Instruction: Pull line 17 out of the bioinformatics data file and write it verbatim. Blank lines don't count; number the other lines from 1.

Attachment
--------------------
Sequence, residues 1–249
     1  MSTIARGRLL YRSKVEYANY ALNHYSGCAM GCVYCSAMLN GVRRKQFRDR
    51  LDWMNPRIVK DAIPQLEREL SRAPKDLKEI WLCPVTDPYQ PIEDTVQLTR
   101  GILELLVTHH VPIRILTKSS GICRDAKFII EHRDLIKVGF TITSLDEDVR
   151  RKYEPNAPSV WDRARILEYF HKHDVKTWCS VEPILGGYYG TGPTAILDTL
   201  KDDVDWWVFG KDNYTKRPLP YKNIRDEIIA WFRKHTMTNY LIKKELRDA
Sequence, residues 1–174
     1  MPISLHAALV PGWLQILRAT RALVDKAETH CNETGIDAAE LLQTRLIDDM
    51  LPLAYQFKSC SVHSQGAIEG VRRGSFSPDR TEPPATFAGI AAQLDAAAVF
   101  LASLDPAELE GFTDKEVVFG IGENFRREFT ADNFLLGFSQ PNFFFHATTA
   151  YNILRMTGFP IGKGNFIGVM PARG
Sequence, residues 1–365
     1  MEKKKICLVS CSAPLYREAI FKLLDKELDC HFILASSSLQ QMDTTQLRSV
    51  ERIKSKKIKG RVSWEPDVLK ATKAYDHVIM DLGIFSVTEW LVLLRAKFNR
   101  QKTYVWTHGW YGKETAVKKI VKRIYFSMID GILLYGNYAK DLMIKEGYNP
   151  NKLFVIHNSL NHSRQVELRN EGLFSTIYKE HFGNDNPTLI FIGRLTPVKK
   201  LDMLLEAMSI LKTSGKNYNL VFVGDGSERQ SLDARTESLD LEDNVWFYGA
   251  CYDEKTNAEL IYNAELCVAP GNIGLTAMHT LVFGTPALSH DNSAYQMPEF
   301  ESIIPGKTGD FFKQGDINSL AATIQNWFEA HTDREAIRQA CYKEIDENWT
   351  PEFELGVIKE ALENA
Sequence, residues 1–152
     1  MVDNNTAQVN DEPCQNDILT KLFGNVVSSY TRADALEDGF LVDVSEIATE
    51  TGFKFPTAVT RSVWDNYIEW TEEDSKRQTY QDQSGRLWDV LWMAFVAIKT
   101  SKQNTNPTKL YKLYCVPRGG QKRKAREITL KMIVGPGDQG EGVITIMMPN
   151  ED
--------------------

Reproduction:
   201  LDMLLEAMSI LKTSGKNYNL VFVGDGSERQ SLDARTESLD LEDNVWFYGA